The rest of the night consisted of me lying in bed, wrapped in a plaid comforter, staring at the ceiling and listening to the deep, rumbling bear like snores coming from beside me. I wondered how I had gotten here and how things had gotten out of hand so quickly. I wondered if I had done something that would have signified that I was in love, too. And then I wondered if I parked my car in a legal spot, because that’s what happens 9 out of 10 times that I drink. The next morning, I hadn’t slept at all. The snoring was too much for me to handle, and with everyone hungover and really at a dark place, I just went for the not-so-obvious question. “It’s like four degrees in your room. Do you guys not have heat?” And with a simple reply, it was settled, “Oh. I like the cold. I sleep with my window open.” So, essentially, I was literally exposed to the elements of winter all night long. If the confession of love wasn’t enough of a reason to bail, then the affinity for the frigid wisps of winter is…

I ended up talking my way through being a bartender, by the way. I probably had the opportunity to set up a date if I wanted to, but I felt like the accomplishment of bullshitting my life as a bartender was enough of a success. I had come to realize that I had set up this idea of who I was that was actually no reflection of myself at all, so I ended the conversation with a good night and chose not to follow up again. As for the New Year’s Eve situation, we talked for about another week, and then I made up an excuse about being incredibly busy with grad school and that I needed some time to focus on myself, which wasn’t entirely false, because I’m pretty sure that night gave me the flu.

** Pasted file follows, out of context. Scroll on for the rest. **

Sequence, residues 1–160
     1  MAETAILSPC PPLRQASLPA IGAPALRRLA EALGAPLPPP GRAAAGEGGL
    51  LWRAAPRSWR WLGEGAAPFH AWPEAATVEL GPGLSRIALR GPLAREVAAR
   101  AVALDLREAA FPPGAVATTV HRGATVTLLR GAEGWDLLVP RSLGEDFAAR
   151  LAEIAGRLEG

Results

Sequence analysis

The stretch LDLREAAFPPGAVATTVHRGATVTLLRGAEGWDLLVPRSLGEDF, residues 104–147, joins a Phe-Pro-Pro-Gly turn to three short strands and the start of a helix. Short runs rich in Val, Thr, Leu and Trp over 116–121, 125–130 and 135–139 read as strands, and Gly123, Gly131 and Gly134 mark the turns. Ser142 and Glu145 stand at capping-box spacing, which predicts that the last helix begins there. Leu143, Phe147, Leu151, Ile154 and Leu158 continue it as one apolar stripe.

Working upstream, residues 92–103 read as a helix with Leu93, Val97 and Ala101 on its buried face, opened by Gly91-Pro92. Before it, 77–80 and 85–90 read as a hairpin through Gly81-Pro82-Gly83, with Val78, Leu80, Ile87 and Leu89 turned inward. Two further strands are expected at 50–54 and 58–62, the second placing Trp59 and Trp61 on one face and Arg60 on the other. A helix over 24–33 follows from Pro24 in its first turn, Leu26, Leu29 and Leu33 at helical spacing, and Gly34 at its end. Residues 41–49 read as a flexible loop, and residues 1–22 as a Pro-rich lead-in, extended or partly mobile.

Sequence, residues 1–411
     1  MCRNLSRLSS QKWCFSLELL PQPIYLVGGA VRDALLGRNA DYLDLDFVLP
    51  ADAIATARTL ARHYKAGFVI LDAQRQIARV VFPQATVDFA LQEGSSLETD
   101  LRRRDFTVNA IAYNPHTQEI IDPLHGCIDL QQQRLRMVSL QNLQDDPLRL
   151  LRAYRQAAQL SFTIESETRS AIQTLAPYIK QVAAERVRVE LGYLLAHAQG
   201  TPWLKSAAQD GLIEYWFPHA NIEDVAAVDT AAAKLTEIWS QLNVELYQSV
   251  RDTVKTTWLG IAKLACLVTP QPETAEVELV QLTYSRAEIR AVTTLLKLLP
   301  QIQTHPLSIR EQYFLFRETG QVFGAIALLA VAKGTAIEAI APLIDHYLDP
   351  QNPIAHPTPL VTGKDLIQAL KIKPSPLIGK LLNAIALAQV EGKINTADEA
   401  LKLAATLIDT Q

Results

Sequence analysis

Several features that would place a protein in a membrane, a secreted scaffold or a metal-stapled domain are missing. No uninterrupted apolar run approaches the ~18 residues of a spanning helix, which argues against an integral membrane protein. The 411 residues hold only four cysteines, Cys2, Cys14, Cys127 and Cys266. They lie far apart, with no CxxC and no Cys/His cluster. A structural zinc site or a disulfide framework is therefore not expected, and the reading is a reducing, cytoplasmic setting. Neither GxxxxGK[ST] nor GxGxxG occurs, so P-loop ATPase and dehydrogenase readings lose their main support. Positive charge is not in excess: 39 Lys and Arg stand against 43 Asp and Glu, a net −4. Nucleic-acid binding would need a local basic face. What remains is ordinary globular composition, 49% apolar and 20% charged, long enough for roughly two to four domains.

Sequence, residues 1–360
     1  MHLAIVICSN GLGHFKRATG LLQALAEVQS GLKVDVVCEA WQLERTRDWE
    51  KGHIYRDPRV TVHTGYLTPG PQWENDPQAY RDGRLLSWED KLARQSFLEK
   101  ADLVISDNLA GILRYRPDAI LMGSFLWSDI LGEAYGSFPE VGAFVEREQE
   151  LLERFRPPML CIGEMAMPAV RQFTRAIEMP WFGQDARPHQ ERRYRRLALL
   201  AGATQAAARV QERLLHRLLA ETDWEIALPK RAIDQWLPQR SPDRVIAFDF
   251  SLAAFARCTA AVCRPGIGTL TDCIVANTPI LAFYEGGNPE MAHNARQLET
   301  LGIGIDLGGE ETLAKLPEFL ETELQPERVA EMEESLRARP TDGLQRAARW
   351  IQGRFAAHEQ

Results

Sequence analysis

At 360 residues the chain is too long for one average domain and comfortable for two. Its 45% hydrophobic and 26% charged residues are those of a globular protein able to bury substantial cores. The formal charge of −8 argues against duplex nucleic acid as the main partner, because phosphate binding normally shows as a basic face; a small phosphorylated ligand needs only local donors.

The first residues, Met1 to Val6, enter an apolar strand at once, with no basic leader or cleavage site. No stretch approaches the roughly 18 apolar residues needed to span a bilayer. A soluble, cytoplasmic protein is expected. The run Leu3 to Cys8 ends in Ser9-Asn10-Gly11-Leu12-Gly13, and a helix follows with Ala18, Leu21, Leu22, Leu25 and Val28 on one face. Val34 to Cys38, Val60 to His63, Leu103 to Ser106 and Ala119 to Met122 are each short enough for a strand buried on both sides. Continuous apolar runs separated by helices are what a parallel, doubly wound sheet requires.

But in the end, I guess the big takeaway is that you probably should set some pretty clear expectations from the get go. Like, you can’t tell people about the year you bartended when you just started ordering something other than a Long Island Iced Tea less than a year ago. Or maybe, the real takeaway is knowing what you can and can’t lie about. Nah, I’m pretty sure the lesson is to be honest from the start. And in the case that you find yourself laying in a bed with someone, somewhere in the middle of Wild Alaska, and they tell you that they love you, shut it down–don’t be soft about it. Shut it down like you’re Olivia Pope dealing with a Presidential scandal. And then take a sip of your Pine-Sol, take a step back, and admire your work.


Leave a Reply

Fill in your details below or click an icon to log in: Logo

You are commenting using your account. Log Out /  Change )

Google+ photo

You are commenting using your Google+ account. Log Out /  Change )

Twitter picture

You are commenting using your Twitter account. Log Out /  Change )

Facebook photo

You are commenting using your Facebook account. Log Out /  Change )

Connecting to %s